The events in France condemned by everybody within these isles and beyond has not stopped the collusion by the Communities Minister Lord Ahmad of Wimbledon and Eric Pickles the Communities Secretary to do more to tackle extremism within the Muslim population of the UK…writes YZ Patel
In election year, the inevitable rise of PEGIDA the Patriotic Europeans Against the Islamisation of the West and far right groupings of similar ilk across Europe and the United Kingdom Independence Party (UKIP) here, has meant to curry favour with voters of this persuasion it is a necessary evil for the mainstream parties to continually engage with the immigrant fraternity and be seen to be doing something about them.
The events in France condemned by everybody within these isles and beyond has not stopped the collusion by the Communities Minister Lord Ahmad of Wimbledon and Eric Pickles the Communities Secretary to do more to tackle extremism within the Muslim population of the United Kingdom.
What more that has not already been done or identified is the question most are asking with regards to this latest rallying cry. The values of Britain and Islam are the exact same is the rhetoric. There is no contradiction in being a Muslim and British it says.
Prime Minister David Cameron has also waded into the argument and given his two shilling worth calling it “reasonable, sensible and moderate” the same when he talks about immigration or anything else.
This action like others in the past has fiercely dichotomised the thousand Muslim leaders it was sent to. Some concurring, others like the Muslim Council of Britain (MCB) intensely demonstrating their disdain on the sentiments of it.
The MCB deputy secretary-general Harun Khan said: “We will be writing to Mr Eric Pickles to ask that he clarifies his request to Muslims to ‘explain and demonstrate how faith in Islam can be part of British identity’.
He continued attacking it by alledging it was comparing the Muslim community to those at the fringes of politics at the polar opposite.
“Is Mr Pickles seriously suggesting, as do members of the far right, that Muslims and Islam are inherently apart from British society?”
This view was echoed my more moderate leaders Mohammed Shafiq, chief executive of the Ramadhan Foundation, said he was “dismayed” by the letter, which was “typical of the government only looking at Muslims through the prism of terrorism and security”. He continued stating “We do not need a patronising letter from ministers to tell us to campaign against terrorism, promote values and do more against extremism when all the evidence points to Muslims organisations doing just that,”
On the other side of the argument there are those that always take a constructive view from these repeated preaching to the converted deliberations that continuously come out.
The Quilliam Foundation think tank, expectedly were disappointed by the negative reaction of some Muslims. Stating “Whether we like it or not, there are some mosques, some imams who are preaching hate,”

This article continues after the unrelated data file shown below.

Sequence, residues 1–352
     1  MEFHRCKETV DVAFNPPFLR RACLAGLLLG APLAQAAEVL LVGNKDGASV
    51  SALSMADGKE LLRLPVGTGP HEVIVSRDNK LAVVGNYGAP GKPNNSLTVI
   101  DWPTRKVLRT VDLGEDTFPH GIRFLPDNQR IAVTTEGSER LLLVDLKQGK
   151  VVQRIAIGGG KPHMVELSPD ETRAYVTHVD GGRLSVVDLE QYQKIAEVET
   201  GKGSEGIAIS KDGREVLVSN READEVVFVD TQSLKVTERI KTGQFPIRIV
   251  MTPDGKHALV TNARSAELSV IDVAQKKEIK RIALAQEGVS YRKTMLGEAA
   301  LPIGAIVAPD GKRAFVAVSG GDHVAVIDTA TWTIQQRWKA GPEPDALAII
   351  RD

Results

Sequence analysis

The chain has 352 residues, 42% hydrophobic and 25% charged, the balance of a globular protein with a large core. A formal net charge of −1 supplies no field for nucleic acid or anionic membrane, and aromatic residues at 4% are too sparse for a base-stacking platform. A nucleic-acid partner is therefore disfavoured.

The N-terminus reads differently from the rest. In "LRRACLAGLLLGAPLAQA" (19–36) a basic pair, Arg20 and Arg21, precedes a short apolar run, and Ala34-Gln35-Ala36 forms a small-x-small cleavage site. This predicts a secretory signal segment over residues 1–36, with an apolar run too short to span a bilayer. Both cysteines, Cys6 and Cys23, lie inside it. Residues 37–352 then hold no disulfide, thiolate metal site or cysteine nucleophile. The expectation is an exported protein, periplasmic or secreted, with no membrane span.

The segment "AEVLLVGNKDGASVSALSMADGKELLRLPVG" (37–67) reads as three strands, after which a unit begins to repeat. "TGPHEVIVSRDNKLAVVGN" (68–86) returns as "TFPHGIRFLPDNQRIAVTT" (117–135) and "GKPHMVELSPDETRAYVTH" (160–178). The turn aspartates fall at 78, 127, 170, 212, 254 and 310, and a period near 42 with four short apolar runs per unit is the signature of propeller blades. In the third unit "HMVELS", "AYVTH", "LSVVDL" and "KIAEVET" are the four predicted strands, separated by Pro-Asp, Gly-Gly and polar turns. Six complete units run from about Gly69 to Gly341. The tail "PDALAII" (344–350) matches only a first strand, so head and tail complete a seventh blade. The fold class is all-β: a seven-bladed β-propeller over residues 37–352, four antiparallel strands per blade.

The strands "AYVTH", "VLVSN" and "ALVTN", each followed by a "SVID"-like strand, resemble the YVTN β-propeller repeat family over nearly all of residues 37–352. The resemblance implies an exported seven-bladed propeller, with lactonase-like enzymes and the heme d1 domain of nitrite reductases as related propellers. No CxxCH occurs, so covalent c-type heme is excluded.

The true voice of reason, was not from any of the stakeholders that the letter was aimed at but came surprisingly from Former Chief Rabbi Lord Sacks who believed the letter was “well-intentioned” but he understood the frustrations of Muslim leaders at being held responsible for dealing with something out of their control.
“The truth is that Islamism, like all modern global political movements, is actually a global phenomenon – transmitted by the internet, transmitted by social media,” he told BBC Radio 4’s Today programme.
And that is the main issue, no matter what any of the faith leaders do, the radicalisation of young Muslims is much more complex than draping the flag of St George or the Union Jack on their backs.
Faith leaders at grassroots level can only do so much and the constant thread to those taking up a cause célèbre is a lack of opportunity, employment and disaffection.
The resentment, some say victim culture others call it blame culture for their lack of progression in British life is more pertinent to why they engage in these ideologies. This is not dissimilar to what happened in France and these traits are clear in those that committed those atrocities.
Clear pathways, understanding, giving young people opportunity to be a valuable member of society regardless of their background, giving them self esteem and worth would go a lot further to eradicate extremism in both right wing Anglo-Saxon communities and also within the Muslim society. The indigenous always proclaim the opportunities are there for all born in Britain regardless of who they’re born to.
These young people are one hundred percent British born and raised in the UK and unless the often not talked about topic of segregation is not tackled and the integration of communities at all levels is not apparent none of these letters will do anything to alleviate the issues we see and will continue to see.
The lack of cohesion and understanding between communities and seeing people for people would do a lot more than writing to a thousand leaders who really have no teeth to solve the true problems at the heart of this and really do not have the real cognition to do what they’re asked.
They’re the real issues avoided and circumvented by those shouting the loudest. Everybody of every persuasion has a part to play in this.